JERUSALEM (AP) — The Palestinian president has set off a strident debate by shattering a once-inviolable taboo, publicly suggesting his people would have to relinquish claims to ancestral homes in Israel.
Mahmoud Abbas' comments on the refugee issue, made in an interview on Israeli TV over the weekend, triggered hot responses from Palestinians and Israelis alike.
In Israel, it suddenly put the long-sidelined issue of peace talks back in the Israeli public's consciousness ahead of parliamentary elections.
Palestinians have maintained for six decades that Arabs who either fled or were expelled from their homes during the fighting that followed Israel's 1948 creation, as well as all their descendants, all have the right to reclaim former properties in what is now Israel.
Israel says a mass return of these people, believed to number some 5 million, would spell the end of Israel as the Jewish state. Also, Israel rejects the concept of a legal "right of return."
In the interview, Abbas was asked about his birthplace of Safed — now a town in northern Israel. He told the interviewer that while he would like to visit, he doesn't claim the right to live there.
"I am a refugee, but I am living in Ramallah (in the West Bank). I believe that the West Bank and Gaza is Palestine. And the other parts is Israel," Abbas said in English. "I want to see Safed. It is my right to see it, but not to live there," he said.
The comments were widely seen as an acknowledgment that return of all the refugees would be impossible. While Palestinian officials privately acknowledge that, they have been reluctant to say so in public.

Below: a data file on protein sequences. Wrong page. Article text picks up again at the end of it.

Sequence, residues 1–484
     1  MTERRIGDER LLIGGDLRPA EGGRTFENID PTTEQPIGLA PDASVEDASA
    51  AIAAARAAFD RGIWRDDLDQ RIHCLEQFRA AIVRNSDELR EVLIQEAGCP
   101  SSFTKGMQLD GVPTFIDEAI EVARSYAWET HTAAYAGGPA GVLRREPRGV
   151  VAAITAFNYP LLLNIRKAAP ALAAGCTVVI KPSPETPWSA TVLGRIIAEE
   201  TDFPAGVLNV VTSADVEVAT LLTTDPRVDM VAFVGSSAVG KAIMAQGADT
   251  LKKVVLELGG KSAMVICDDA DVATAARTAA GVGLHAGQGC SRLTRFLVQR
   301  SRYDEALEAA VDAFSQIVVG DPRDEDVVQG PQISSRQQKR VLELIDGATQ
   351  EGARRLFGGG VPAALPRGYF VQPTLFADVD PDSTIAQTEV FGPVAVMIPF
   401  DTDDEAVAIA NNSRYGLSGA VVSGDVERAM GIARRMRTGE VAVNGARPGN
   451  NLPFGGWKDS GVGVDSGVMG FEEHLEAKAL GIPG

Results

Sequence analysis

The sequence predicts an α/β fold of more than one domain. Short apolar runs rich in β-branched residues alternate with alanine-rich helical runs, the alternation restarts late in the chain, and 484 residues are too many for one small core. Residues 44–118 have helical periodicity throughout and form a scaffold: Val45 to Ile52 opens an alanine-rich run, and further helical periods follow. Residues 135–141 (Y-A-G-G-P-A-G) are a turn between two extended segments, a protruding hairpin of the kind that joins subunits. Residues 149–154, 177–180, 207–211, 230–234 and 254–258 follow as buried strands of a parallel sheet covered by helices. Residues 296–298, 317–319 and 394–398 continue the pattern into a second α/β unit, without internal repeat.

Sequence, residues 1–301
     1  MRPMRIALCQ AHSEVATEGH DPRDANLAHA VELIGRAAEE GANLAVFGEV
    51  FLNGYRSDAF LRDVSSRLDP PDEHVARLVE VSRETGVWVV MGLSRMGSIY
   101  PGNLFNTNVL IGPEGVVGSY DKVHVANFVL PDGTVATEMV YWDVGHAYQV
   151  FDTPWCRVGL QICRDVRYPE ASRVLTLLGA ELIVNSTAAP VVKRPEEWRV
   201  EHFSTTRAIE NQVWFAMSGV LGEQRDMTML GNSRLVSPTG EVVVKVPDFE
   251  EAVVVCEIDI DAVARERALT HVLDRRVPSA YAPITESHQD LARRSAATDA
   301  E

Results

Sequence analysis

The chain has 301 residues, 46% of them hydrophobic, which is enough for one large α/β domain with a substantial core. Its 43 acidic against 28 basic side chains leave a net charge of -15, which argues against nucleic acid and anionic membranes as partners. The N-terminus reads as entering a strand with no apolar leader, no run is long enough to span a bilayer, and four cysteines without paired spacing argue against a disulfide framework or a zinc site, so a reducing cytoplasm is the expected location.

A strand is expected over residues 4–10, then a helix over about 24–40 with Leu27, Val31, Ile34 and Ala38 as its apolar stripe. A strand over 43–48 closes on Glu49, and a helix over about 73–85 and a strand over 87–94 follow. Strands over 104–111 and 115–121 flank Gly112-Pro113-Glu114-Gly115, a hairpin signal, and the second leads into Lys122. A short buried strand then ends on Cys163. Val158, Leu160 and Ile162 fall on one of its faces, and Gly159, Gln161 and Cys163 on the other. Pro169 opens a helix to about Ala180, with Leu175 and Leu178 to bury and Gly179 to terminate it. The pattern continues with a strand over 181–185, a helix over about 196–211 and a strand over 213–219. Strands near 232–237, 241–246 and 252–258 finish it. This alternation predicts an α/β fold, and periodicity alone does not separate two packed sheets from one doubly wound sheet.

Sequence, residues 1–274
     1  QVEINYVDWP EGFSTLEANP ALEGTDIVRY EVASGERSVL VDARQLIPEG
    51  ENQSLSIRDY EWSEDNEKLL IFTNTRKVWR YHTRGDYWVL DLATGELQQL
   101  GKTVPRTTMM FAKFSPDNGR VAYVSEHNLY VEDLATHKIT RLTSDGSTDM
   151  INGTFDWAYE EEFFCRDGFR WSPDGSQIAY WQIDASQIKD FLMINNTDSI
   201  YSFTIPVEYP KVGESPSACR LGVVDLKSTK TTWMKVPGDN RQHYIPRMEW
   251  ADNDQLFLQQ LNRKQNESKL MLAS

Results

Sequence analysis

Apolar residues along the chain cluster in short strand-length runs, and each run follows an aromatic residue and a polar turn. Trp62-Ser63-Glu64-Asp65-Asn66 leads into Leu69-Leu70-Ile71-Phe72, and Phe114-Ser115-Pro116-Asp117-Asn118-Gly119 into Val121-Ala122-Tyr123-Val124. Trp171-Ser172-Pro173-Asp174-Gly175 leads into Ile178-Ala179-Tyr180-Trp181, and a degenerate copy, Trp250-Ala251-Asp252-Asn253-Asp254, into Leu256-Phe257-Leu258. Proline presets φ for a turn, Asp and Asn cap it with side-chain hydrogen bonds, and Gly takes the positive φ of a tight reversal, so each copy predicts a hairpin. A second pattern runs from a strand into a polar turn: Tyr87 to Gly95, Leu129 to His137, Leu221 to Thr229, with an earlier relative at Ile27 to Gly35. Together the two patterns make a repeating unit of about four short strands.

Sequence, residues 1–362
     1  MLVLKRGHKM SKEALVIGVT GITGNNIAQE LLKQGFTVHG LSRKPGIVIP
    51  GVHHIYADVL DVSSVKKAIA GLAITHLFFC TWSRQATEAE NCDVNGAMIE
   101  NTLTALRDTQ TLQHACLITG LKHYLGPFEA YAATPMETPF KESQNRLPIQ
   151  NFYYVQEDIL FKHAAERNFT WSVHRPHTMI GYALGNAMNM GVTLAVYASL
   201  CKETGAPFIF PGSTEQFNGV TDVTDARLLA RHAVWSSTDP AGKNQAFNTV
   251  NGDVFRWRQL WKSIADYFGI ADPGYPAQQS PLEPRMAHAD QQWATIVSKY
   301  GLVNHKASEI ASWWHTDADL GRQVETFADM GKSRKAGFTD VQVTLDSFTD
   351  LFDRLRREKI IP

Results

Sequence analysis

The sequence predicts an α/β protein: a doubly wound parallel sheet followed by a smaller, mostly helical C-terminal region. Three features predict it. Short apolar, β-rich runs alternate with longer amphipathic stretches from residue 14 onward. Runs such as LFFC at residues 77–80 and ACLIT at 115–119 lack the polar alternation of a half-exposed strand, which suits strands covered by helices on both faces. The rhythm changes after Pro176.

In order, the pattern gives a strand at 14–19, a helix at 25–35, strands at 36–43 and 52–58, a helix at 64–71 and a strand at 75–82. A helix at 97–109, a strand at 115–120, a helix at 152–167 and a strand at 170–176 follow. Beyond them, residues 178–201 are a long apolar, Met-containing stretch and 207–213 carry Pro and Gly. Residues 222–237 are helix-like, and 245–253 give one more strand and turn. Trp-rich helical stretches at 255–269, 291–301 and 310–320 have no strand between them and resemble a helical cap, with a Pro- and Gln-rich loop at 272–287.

His adviser, Nimr Hammad, said Abbas was being "realistic."
"He knows he can't bring back 5.5 million Palestinian refugees to Israel," Hammad said.
Some West Bank Palestinians were disappointed that their leader had made an overture to Israel without receiving any gestures in exchange.
"President Abbas is a failure," said Iyad Alotol, a government employee in Ramallah. "He is ceding the right of return without getting anything from the Israelis. He is a man who makes concessions for free."
Abbas, an outspoken proponent of a diplomatic solution with Israel, has little to show for his efforts. He has seen his popularity steadily decline in the West Bank, and in 2007, he lost control of the Gaza Strip to the rival Islamic militant Hamas.
Condemnation of Abbas predictably was harsh in Gaza. Hamas rejects negotiations and believe only violence will persuade Israel to give up captured territory.
Gaza Prime Minister Ismail Haniyeh termed Abbas' remarks "extremely dangerous." At demonstrations in Gaza on Saturday, some protesters burned posters of a smiling Abbas, and others emblazoned the word "traitor" on posters of the Palestinian leader.
In Israel, Abbas' comments were the talk of the town on Sunday, as officials debated how serious Abbas was.
Prime Minister Benjamin Netanyahu and members of his Cabinet reacted coolly, even mistrustfully, to Abbas' remarks. Israeli moderates warned against missing a chance to negotiate with a person they consider a partner for peacemaking.
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